-Perhaps he’s in a meeting in his office with his team, one of the members is making an important point, and then, riiiiiiing, riiiiiing… here comes a call. “Sorry, I thought I forwarded my calls,” he sheepishly says. He could ignore it, but instead winks at his audience with a “Watch this” look, and demonstrates how forcefully he can swat away pesky salespeople. You don’t know what hit you.

-Consider that it could be one of THOSE days for your prospect that we’ve all had. The kids were being bratty, traffic–in the Starbucks drive thru– made her a bit late, two employees she was counting on for input on a project called in with the flu, and she is dreading having to attend a meeting that she has no idea why she is included in. Her email inbox is overflowing, she was just handed the disappointed numbers from the previous day that she will have to explain, and she realizes she left the iron on. Your call comes in. The trap door opens beneath you before you know it. You’re still muttering “Whaaaa…” as you realize no one is at the other end.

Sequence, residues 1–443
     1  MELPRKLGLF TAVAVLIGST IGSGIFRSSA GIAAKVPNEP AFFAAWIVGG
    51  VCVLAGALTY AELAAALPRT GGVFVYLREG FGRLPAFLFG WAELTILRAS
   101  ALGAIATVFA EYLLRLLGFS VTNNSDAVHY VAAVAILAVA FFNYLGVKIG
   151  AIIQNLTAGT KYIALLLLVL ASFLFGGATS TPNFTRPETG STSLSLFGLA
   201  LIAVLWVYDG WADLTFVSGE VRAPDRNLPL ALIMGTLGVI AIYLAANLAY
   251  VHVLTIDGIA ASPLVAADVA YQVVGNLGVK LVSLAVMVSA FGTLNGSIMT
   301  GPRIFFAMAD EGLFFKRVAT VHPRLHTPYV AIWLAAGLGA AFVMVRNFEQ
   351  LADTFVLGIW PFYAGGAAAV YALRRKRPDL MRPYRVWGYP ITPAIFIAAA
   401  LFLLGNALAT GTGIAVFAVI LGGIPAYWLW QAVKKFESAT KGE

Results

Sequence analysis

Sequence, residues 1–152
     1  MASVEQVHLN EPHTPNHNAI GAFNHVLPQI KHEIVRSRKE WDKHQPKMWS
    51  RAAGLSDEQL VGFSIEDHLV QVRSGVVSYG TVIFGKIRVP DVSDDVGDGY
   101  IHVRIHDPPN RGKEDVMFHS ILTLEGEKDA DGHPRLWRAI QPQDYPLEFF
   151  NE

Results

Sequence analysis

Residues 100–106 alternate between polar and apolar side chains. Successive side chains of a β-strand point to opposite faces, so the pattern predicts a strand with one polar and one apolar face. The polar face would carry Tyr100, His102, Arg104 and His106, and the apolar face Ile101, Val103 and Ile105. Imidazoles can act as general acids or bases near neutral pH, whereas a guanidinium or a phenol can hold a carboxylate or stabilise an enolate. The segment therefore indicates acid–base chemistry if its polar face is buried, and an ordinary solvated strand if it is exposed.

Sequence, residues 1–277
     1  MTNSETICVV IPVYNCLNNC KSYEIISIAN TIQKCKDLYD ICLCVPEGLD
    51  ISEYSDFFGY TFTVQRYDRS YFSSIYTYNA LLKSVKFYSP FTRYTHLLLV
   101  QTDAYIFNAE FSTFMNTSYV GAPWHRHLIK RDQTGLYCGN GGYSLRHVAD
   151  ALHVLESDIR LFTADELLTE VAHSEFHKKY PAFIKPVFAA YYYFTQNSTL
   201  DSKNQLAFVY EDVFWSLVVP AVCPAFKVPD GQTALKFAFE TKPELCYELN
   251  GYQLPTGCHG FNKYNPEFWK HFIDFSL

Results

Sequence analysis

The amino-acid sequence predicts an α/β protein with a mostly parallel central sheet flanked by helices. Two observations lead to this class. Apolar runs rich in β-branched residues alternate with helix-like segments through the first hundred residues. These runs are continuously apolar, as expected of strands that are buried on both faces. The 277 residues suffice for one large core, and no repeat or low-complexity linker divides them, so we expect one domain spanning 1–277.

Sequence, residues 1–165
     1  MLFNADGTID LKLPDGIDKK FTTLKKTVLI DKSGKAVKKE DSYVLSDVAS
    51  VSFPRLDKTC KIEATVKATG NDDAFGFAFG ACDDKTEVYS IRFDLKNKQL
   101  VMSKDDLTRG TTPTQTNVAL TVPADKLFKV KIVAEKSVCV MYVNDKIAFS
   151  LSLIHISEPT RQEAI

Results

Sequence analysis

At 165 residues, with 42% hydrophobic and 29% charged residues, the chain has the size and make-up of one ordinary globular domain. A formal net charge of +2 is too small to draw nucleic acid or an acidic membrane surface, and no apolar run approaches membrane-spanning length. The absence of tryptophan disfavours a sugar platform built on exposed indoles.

Or, possibly he is just immersed in one of the ten thousand distractions all of us are faced with every day. Any of which are perceived as more important than the call coming in at that very moment. Your call.

Here’s why I get the big bucks to share wisdom: 

No one is waiting for your call when you are prospecting, and they just might be too preoccupied–mentally, emotionally, and physically– to speak with you. Brilliant huh? 

But true.

When we understand that, and if this truly is a prospect that you want to pursue, and firmly believe you can offer some value to, consider some real-world alternatives.

Instead of calling, try an email, fax, or a handwritten note mailed with a real stamp, stating,